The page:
TO A BROWN BEGGAR-MAID
by: Charles Baudelaire
maiden with the russet hair,
- Whose garments, through their holes, declare
- That poverty is part of you,
- And beauty too.
- To me, a sorry bard and mean,
- Your youthful beauty, frail and lean,
- With summer freckles here and there,
- Is sweet and fair.
- Your sabots tread the roads of chance,
- And not one queen of old romance
- Carried her velvet shoes and lace
- With half your grace.
- In place of tatters far too short
- Let the proud garments worn at Court
- Fall down with rustling fold and pleat
- About your feet;
- In place of stockings, worn and old,
- Let a keen dagger all of gold
- Gleam in your garter for the eyes
- Of roués wise;
- Let ribbons carelessly untied
- Reveal to us the radiant pride
- Of your white bosom purer far
- Than any star;
- Let your white arms uncovered shine,
- Polished and smooth and half divine;
- And let your elfish fingers chase
- With riotous grace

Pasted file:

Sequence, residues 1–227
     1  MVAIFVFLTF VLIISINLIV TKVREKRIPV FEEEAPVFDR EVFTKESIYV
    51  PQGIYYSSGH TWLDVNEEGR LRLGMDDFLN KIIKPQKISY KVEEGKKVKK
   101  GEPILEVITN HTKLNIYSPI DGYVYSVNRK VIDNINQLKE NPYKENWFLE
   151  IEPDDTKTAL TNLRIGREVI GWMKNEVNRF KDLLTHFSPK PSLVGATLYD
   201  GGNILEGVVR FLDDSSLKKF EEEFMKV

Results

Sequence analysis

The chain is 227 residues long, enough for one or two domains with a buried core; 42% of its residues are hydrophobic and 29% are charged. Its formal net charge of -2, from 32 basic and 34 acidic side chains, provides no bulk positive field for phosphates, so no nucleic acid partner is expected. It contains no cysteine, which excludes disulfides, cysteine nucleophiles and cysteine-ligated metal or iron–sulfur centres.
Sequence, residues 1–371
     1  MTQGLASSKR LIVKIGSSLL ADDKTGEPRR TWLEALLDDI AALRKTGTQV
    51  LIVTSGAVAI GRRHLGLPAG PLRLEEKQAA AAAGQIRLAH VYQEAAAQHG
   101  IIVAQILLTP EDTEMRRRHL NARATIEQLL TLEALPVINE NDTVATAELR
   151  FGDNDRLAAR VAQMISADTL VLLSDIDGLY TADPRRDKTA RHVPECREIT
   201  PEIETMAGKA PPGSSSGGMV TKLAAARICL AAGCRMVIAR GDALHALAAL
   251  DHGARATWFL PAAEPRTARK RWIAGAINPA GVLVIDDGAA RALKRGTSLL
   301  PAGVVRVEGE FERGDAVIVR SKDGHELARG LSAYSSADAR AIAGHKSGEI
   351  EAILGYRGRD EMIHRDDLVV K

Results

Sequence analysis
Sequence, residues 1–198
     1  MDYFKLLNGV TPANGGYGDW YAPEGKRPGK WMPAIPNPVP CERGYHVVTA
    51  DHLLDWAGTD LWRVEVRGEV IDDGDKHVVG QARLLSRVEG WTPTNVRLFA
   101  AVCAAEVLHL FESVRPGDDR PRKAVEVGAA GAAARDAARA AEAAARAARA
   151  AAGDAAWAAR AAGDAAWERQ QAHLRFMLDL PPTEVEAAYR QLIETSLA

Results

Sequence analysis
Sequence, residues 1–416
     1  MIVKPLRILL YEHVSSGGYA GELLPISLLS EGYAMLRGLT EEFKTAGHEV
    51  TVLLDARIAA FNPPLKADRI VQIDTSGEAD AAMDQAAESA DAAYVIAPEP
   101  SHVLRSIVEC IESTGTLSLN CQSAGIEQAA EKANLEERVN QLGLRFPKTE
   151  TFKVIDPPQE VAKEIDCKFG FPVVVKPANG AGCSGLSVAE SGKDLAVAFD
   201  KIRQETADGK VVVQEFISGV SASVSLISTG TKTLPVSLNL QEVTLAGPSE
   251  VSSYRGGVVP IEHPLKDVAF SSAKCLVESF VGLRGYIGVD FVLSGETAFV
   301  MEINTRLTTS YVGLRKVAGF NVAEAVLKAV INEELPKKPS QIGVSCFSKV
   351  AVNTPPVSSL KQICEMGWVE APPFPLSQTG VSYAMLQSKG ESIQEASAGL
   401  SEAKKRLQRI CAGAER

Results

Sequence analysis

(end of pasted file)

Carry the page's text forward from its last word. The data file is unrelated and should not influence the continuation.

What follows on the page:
- The purest pearls that softly glow,
- The sweetest sonnets of Belleau,
- Offered by gallants ere they fight
- For your delight;
- And many fawning rhymers who
- Inscribe their first thin book to you
- Will contemplate upon the stair
- Your slipper fair;
- And many a page who plays at cards,
- And many lords and many bards,
- Will watch your going forth, and burn
- For your return;
- And you will count before your glass
- More kisses than the lily has;
- And more than one Valois will sigh
- When you pass by.
- But meanwhile you are on the tramp,
- Begging your living in the damp,
- Wandering mean streets and alley's o'er,
- From door to door;
- And shilling bangles in a shop
- Cause you with eager eyes to stop,
- And I, alas, have not a sou
- To give to you.
- Then go, with no more ornament,
- Pearl, diamond, or subtle scent,
- Than your own fragile naked grace
- And lovely face.
MORE POEMS BY CHARLES BAUDELAIRE
'To a Brown Beggar-maid' is reprinted
from The Poems and Prose Poems of Charles Baudelaire.
Ed. James Huneker. New York: Brentano's, 1919.